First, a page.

What's a sales process and why do I need one?
Jun 23, 2006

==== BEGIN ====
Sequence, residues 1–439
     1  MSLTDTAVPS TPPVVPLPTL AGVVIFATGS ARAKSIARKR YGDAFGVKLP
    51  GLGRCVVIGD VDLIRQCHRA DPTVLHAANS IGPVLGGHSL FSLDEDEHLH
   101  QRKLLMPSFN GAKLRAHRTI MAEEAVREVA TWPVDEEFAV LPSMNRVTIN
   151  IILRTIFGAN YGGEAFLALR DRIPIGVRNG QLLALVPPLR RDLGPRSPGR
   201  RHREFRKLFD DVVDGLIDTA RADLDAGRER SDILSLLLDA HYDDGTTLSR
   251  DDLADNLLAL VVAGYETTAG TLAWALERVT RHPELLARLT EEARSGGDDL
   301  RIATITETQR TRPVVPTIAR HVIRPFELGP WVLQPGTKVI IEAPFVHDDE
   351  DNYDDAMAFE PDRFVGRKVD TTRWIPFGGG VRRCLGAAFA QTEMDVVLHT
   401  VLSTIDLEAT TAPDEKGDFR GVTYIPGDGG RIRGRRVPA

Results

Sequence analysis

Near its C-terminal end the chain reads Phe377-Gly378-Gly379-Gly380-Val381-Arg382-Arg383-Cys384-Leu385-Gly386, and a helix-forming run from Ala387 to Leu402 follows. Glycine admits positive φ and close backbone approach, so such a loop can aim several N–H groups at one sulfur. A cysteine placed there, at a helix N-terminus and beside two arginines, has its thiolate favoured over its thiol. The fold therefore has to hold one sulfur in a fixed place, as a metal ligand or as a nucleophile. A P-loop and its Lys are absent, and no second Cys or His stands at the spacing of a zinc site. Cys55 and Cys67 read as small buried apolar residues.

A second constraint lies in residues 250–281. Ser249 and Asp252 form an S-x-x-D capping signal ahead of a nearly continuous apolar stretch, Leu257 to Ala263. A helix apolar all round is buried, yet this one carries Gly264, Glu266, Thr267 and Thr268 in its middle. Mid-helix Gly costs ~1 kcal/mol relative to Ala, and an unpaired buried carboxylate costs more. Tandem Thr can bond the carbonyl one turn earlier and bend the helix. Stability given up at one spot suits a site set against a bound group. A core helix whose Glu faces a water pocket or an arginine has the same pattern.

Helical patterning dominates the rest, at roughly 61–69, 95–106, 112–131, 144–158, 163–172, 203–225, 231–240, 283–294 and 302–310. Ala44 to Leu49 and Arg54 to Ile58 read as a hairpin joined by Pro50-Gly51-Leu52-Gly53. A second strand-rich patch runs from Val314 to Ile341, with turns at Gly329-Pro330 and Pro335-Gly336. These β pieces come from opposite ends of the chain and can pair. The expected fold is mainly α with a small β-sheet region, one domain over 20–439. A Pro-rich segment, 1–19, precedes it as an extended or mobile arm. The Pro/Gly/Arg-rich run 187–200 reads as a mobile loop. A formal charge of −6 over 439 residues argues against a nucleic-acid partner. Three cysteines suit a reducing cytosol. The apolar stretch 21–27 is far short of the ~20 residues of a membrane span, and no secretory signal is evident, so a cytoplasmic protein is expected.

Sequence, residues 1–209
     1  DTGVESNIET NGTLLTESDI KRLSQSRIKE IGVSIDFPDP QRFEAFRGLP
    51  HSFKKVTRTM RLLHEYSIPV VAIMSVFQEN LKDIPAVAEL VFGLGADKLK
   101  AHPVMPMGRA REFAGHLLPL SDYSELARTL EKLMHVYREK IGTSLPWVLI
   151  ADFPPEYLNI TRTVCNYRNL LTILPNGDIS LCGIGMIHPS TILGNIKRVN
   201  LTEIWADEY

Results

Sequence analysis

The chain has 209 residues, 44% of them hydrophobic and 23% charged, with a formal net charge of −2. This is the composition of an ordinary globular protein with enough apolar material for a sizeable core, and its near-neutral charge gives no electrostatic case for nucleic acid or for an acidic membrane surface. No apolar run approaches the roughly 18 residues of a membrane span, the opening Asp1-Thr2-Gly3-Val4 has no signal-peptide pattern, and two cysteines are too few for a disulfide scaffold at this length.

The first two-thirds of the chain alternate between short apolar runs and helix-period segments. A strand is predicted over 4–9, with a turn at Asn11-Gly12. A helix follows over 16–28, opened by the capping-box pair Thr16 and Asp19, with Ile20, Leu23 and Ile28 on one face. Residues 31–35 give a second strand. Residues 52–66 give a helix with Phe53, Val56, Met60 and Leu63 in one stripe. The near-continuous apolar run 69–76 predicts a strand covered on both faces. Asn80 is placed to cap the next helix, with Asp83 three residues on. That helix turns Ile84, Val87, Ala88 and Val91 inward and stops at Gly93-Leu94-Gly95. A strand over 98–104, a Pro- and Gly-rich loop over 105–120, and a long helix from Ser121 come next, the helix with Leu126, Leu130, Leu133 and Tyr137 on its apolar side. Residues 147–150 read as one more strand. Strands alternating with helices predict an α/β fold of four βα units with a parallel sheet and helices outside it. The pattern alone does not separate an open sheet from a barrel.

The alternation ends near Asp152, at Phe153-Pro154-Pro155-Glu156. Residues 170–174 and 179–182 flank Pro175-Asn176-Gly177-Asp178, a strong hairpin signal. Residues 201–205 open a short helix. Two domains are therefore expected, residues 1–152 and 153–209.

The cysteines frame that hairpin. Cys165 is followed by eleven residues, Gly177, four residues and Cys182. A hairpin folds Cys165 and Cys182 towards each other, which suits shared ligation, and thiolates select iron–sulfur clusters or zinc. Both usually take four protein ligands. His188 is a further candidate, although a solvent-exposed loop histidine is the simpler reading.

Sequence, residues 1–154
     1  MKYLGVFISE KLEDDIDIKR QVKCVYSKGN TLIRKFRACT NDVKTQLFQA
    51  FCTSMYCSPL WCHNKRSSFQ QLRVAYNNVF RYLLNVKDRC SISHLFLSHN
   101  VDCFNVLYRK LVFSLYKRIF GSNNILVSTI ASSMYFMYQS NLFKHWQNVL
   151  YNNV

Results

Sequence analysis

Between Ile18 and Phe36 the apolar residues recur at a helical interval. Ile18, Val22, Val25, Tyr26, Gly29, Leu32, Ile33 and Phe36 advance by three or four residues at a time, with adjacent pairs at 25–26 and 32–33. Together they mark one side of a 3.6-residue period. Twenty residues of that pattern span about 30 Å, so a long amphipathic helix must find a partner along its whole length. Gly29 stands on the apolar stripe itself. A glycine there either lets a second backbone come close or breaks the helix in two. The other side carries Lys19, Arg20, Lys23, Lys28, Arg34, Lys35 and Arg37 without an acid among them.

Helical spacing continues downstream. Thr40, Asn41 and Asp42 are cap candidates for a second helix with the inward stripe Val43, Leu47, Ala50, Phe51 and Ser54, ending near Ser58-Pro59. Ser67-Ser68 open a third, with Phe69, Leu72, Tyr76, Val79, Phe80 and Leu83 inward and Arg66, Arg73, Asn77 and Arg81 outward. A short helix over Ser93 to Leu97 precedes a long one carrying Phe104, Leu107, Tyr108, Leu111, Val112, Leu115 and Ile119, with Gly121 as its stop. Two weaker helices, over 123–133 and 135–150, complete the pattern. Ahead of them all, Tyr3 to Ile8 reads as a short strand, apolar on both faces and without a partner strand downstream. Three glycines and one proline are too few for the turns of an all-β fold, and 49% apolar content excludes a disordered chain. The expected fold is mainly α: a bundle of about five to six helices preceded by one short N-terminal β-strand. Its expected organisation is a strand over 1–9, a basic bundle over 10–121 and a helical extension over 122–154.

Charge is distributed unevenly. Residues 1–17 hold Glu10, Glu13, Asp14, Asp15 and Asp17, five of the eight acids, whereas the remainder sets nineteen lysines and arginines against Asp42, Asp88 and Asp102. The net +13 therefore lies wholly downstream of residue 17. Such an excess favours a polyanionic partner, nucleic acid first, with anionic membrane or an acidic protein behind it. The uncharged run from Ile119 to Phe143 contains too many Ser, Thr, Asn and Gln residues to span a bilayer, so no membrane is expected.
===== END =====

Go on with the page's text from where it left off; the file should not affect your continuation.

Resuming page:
As I was driving into work today (yes, I know it's a spare the air day and that BART was free, but I actually need my car after work today) I was in a good mood. An exceptionally good mood really. I don't think I've ever enjoyed going to work quite as much as I did this morning. At first I assumed it had to do with all the various things going on in my life: today is the first of my last five Fridays at my current job, it's my girlfriends last day at her current job at the same company (unlike me, she actually has another job lined up, read all about her wacky adventures here: WhipperSnaPR), and I'm really starting to make progress on figuring out this whole going into business for myself thing. Then when I got into work I read this article and realized that my happiness has nothing to do with any of that and is solely because today is the happiest day of the year. Oh well. Getting back on topic, you may have noticed that I said I'm making progress on my new business venture. And since I'm sure you actually noticed the title of this post, you've probably already figured out that it has something to do with a sales process, whatever that is. Until yesterday I had no idea what a sales process was either, nor did I know that I need to have one. Fortunately my very good friend Julia French has a lot of experience with this sort of thing and has helped people set up their own consultancies before; she set me straight. So what is this magical sales process thing? you may find yourself asking. Well, amazingly enough, it's a process for selling. More specifically it's a tool to help you figure out what you're going to sell, whom you're going to sell it to, and how you're going to sell it. Just knowing that your going to sell some particular product or service to some particular group of people isn't enough, you need to break it down and set up a specific plan of action. You need to identify your target market and break it down into tiers, identify the specific products/services you want to sell to each target market, determine how you want to split up your time and attention between the different tiers of your customer base, and then figure out how you're going to sell each product/service to each tier and for how much. But rather than bore you with my clumsy attempt to explain this in more detail, I think I'll leave that to Julia herself who will be making her debut as a guest blogger here shortly. Take it away, Julia.
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